Bennett: Whenever we came out of the report, I guess the way I want to answer it is this -- we went back up over $15 and we showed that this market simply didn't want to spend any time above $15. We pulled back but it seemed like we don't really want to race below $14 at the same time. So you look at the bean market and you ask yourself, where's the values, where's a safe place to be? And I think what you have to understand on beans, you've got two different dynamics going on, a very tight situation here in the U.S. as we speak currently and I say that because the 50.5 yield certainly could change a decent amount I think in October. What we're hearing on early yields is that some of these beans are awfully good. But the difference is that the world situation is different than domestic. Domestic is very tight. We're going to add around 10 million tons to the world balance sheet according to the USDA numbers and I've got to think that there's a fair amount of merit there. We look towards South America, the Brazilian producer is going to come at us with more acres yet again this year and if La Nina isn't as prevalent as what it has been these last couple of years, we know it's still hanging around, but if it isn't as prevalent we've got to think that you could be looking at 145, 150 million ton crop. So two different dynamics, world versus domestic. And once again, I've got to think a person has to be very cautious as to assume these beans are just going to stay supported for perpetuity.

Yeager: Let's move to the livestock. Cattle on feed came out just before we recorded today. A couple of numbers right on what they were before but there was one number that jumped out. On feed and placed both at 100. But it was this marketed in August at 106. Is that the number that jumped out to you?

Bennett: It sure looks like a big number. A lot of folks were expecting marketed to be fairly high. I think whenever you look at this cattle fundamentally you're going to be losing numbers moving forward. Yes, you've got the cold storage report showed significantly higher stocks, I think 24% versus what we were at a year ago, but at the same time I think a lot of folks are holding on to some of this meat and I think you're looking at people expecting that you're going to see just markets continue to get better as far as the cattle prices go. The problem is going to be profitability for the producer. And so feeding high cost grain is certainly going to be a major headwind and I've got to think that it's going to be really tough over the next six to eight, ten months. But I do feel like for the cattle producer you're going to see some real good profitability come in as long as you get a decent crop out of South America and/or the U.S. in the next twelve months. And if that happens I've got to think that profit margins could be quite robust for those producers.

Yeager: And it is that major tug-of-war, that profitability and if you can hold out. Do you know of anybody that is in a position who might be able to hold out a little longer than somebody else?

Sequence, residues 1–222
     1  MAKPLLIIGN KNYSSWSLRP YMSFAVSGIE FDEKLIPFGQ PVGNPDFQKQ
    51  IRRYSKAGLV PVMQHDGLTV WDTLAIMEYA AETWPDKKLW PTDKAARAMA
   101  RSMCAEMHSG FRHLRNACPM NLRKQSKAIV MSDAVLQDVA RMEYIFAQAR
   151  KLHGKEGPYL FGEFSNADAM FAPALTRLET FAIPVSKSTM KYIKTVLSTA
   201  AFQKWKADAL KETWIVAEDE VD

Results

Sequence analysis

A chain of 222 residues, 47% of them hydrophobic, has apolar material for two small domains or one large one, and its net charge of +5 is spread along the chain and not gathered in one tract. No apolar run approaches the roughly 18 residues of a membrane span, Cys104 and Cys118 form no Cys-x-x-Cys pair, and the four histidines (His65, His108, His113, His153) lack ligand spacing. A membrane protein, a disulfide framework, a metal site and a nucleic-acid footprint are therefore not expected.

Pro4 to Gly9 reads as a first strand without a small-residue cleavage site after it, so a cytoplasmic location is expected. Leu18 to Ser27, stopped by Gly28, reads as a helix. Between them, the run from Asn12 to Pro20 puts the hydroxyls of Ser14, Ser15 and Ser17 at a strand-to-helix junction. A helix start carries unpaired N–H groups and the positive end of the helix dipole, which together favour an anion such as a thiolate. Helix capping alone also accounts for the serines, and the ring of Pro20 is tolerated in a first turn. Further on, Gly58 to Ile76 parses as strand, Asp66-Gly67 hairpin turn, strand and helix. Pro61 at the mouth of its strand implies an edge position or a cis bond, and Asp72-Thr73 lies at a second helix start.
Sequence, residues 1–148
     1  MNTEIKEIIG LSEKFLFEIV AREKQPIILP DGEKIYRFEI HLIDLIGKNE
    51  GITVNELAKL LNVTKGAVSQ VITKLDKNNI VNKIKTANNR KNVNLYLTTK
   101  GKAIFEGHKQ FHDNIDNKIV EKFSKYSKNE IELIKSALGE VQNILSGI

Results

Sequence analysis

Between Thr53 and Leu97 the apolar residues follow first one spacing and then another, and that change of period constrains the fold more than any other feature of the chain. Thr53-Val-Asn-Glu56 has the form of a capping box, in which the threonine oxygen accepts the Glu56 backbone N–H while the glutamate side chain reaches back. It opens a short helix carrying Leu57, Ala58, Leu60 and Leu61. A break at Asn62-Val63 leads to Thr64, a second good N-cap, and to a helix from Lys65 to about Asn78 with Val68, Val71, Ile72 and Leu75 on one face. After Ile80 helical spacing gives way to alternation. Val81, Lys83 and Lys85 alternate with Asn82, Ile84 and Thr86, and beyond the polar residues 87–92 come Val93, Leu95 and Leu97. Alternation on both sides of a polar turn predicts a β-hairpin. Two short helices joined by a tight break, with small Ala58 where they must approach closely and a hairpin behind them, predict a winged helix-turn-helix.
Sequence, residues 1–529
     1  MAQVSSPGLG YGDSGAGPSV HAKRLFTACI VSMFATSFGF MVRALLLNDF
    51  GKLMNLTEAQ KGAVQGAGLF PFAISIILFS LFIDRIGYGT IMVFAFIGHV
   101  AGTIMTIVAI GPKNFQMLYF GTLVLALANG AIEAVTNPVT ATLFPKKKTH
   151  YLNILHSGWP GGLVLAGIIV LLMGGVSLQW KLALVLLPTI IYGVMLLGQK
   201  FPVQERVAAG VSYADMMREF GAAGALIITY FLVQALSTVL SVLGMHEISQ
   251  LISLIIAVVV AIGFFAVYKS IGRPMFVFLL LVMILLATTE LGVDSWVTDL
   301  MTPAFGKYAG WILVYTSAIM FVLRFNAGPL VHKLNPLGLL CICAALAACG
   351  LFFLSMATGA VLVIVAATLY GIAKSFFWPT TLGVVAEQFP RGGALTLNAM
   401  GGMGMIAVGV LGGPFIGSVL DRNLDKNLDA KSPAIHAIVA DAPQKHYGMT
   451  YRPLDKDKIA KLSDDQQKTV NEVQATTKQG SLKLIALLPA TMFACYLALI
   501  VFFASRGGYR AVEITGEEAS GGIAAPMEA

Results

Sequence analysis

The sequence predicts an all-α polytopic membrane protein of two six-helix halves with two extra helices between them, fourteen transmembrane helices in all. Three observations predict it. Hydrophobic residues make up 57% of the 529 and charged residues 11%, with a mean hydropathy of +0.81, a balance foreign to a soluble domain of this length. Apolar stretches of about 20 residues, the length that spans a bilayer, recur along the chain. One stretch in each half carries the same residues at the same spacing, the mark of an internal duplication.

Bennett: Yeah, the thing is there's going to be a lot of folks I think that see this coming and you've got to assume that you've got the opportunity moving forward to do well in this environment. But at the same time it is going to be a capital intensive situation. If you don't have your feed costs hedges it's certainly going to be tough. And quite frankly over the last several months there hasn't been very many good opportunities to do so. And so on a day like today in the corn market I think there's some cattle producers that are quite happy to see that kind of trend and they're probably hoping to see more yet. The only way that you're probably going to see that is if maybe this U.S. crop tends to grow just a little bit, which is certainly a possibility, but it's not something I'm banking on currently.

Yeager: Is the hog producer looking at the same market and thinking the same thing or are they different?

Bennett: Whenever you look at the hog producer the bottom line is if you don't have really good export sales it's tough to sustain the hog market to get up to those triple digit type numbers. And so of course you've got front month again well in excess of December so you've got a pretty good inverse there. But at the same time you've also got the cash market fairly strong. And so I've got to think you're going to get some support in here for hogs. But the only way you're going to get a sustained rally in my opinion is you're going to have to see really strong export sales moving forward.

Yeager: Right on cue, Mr. Bennett. You ended right on time. Thank you, sir.

Bennett: Absolutely, thank you.

Yeager: All right, we'll talk to you in a moment because we're going to put a pause on this analysis and continue with Matthew and answer more of your submitted questions in our Market Plus segment. Find that on our website of in podcast form and also on YouTube. All of these resources that I mentioned are free. And thank you for helping us hit a milestone on our YouTube channel as more of you are finding the show, the Market Plus and our stories that are available each and every week. Join our family by subscribing to the feed of MarketToMarket. Next week, we're going to keep going on this crop harvest report, check in with that. Thank you so much for watching. Have a great week.